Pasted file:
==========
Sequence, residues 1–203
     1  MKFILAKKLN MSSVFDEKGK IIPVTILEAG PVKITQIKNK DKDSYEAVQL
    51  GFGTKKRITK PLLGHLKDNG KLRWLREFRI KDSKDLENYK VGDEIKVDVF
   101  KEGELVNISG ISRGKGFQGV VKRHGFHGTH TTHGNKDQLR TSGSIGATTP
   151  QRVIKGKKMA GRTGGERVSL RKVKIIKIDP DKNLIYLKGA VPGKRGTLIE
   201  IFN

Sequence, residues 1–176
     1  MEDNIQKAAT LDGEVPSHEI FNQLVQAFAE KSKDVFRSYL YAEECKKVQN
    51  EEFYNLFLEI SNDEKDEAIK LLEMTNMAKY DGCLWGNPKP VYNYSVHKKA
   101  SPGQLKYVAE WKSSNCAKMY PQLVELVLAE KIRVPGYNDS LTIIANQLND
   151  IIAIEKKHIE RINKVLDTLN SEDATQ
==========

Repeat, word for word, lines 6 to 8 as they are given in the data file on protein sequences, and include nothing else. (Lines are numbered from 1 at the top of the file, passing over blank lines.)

   201  IFN

Sequence, residues 1–176
     1  MEDNIQKAAT LDGEVPSHEI FNQLVQAFAE KSKDVFRSYL YAEECKKVQN